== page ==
The Yankees will go with ace Gerrit Cole in Game 1, Frankie Montas in Game 2, but will have to rely on an assortment of Jameson Taillon, Nestor Cortes, Domingo German and Luis Severino to round out the postseason rotation. They tried to grab Pablo Lopez of the Marlins, Carlos Rodon of the Giants and Tarik Skubal of the Tigers, only to fall short.
Montas could be valuable in a matchup against the Astros, yielding a 2.70 ERA in his last seven starts against the Astros with 42 strikeouts in 36 ⅔ innings. In 13 starts against the Astros since 2018, he has permitted two or fewer runs in 11 of them.
The Yankees’ vaunted bullpen with All-Star closer Clay Holmes may be a bigger concern. They did pick up Trivino and Scott Effross, but is it enough?
The Yankees were 53-0 on July 9 when having a lead in the eighth inning or later, but since have gone just 7-4 with an eight-inning lead.
The Dodgers, with Clayton Kershaw returning to the injured list with back pain, creates a lot of concern. Kershaw was on the injured list just once in the first eight years of his career, but has now been on the IL 10 times since 2016.
The Dodgers have the best record in baseball, and may still be the team to beat on paper, but is there any starter that is considered an ace when postseason rolls around? Walker Buehler is expected to return in September, but they will be careful with him. Tony Gonsolin, their No. 1 starter with a 13-1 record and 2.30 ERA, has pitched only 13⅓ innings in the postseason with a 9.45 ERA.
Q: The Padres were the runaway winners at the trade deadline. Could they scare the Dodgers?
This is a team that got Soto, Bell and Drury; the Dodgers got Joey Gallo. The Padres got Hader; the Dodgers got middle reliever Chris Martin.
But have they closed the gap?
While they are awfully dangerous with Fernando Tatis expected to return to the lineup in a couple of weeks, with Joe Musgrove, Yu Darvish and Blake Snell atop the rotation, the Dodgers still have their number.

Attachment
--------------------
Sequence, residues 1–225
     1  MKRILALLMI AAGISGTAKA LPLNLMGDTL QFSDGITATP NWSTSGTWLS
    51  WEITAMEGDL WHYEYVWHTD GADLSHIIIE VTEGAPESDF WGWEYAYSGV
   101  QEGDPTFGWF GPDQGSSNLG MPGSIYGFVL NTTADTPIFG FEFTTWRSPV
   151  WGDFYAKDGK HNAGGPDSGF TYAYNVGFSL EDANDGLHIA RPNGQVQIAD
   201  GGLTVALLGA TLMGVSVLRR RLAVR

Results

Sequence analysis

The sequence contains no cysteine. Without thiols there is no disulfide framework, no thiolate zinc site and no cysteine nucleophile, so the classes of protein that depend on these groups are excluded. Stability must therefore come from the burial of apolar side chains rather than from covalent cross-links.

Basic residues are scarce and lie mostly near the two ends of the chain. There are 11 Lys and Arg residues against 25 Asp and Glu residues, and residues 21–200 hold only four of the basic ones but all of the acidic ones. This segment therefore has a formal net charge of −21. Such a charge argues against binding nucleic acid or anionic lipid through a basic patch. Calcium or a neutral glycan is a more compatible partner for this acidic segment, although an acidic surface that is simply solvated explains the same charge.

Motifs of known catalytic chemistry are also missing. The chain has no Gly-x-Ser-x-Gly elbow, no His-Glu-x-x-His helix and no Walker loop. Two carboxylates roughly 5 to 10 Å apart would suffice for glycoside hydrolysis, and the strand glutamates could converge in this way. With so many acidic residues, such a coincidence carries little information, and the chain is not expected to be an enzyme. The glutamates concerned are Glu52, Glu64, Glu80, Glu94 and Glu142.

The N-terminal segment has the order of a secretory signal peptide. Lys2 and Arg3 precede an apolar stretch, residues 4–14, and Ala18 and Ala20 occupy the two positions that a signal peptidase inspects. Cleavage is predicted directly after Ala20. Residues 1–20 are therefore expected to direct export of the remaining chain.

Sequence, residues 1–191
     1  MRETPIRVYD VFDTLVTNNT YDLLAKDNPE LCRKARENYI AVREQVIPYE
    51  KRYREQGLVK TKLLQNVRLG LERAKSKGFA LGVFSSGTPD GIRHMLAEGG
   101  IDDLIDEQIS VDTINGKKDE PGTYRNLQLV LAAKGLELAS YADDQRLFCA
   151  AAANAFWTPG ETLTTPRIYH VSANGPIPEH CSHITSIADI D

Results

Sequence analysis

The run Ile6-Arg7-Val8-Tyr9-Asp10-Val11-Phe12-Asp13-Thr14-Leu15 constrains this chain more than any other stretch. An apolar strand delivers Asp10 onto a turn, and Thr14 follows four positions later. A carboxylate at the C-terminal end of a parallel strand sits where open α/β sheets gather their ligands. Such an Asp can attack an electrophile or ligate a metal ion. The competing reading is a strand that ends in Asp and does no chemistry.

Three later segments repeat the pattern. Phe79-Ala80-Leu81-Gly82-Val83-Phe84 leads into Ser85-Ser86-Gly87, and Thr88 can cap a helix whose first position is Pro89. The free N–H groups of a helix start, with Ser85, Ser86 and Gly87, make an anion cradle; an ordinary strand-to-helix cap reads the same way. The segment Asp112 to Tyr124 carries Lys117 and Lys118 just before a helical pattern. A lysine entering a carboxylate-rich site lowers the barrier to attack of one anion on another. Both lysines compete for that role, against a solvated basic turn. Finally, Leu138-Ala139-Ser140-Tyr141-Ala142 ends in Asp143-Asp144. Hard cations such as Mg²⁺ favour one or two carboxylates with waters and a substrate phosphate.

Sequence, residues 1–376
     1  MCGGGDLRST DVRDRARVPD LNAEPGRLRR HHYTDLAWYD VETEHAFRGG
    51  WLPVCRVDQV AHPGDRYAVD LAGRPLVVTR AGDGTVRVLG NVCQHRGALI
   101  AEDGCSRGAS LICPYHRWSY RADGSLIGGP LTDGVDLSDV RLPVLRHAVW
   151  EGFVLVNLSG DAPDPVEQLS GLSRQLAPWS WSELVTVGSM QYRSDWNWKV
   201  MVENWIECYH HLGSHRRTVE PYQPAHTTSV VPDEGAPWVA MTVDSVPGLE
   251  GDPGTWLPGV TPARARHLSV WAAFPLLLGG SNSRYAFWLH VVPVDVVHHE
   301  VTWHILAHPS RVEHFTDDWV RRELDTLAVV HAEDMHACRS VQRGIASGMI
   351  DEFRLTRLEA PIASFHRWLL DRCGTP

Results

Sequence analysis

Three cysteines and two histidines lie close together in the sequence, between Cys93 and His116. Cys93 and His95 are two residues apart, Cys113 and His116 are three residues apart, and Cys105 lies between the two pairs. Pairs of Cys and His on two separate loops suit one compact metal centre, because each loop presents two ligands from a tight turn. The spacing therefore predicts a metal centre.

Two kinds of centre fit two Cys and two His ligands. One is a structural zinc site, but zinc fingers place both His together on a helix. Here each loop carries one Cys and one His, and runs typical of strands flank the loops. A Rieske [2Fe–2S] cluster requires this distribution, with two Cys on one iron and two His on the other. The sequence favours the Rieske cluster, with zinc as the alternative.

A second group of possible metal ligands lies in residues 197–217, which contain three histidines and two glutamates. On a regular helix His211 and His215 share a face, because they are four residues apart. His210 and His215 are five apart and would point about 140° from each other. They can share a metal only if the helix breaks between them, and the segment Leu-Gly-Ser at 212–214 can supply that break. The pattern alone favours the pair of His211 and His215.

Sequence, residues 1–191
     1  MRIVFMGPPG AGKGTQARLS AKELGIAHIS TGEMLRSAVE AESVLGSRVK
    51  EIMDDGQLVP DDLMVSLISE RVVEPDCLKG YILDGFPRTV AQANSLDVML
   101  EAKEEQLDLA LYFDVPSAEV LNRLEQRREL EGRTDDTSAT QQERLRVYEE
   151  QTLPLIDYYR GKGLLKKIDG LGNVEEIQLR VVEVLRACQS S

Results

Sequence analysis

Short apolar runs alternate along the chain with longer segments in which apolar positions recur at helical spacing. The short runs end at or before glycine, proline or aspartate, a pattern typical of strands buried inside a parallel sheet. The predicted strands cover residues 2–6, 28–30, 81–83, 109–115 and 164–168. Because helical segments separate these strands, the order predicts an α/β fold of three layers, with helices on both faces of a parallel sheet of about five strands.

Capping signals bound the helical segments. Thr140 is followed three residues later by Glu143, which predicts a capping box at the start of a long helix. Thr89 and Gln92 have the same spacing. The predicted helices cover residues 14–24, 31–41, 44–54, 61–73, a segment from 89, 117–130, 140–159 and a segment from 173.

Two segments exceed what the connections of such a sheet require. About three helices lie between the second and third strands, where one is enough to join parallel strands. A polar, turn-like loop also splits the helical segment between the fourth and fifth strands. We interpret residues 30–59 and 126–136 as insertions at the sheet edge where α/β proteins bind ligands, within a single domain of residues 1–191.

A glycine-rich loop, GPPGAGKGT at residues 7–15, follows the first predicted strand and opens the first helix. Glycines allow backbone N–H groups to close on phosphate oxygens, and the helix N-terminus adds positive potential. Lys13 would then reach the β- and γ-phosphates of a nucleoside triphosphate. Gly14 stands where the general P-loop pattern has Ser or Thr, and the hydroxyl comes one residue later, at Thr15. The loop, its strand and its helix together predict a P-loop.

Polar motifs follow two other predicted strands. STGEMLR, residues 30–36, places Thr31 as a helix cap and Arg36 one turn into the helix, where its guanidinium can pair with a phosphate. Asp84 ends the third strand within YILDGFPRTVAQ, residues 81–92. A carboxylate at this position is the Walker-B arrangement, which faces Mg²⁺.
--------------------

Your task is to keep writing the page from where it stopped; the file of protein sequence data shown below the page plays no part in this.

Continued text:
Heading into Saturday, the Dodgers were 6-2 against the Padres this season, going 13-1 since last year at Dodger Stadium and haven’t lost a season series to them since 2011, going 136-70 in the process.
“I don’t like talking about the Dodgers,” Padres left fielder Jurickson Profar told reporters before their 8-1 loss Friday.
Can you blame him?
Q: Why would the Angels trade closer Raisel Iglesias just eight months after signing him to a four-year, $58 million contract?
The way the Angels see it, there was no need to have a great closer if there are no games to save. So they will now have the extra money to get much-needed pitching help.
“I think it opens things up,” Angels GM Perry Minasian told reporters, “it opens us up a little bit for possibilities in the future. …I need to build a better roster. There’s no doubt about it. I think the locker room is very talented. There’s talent in there. There’s obviously established players, superstar players. And we’ve got to build a better supporting cast around them.’’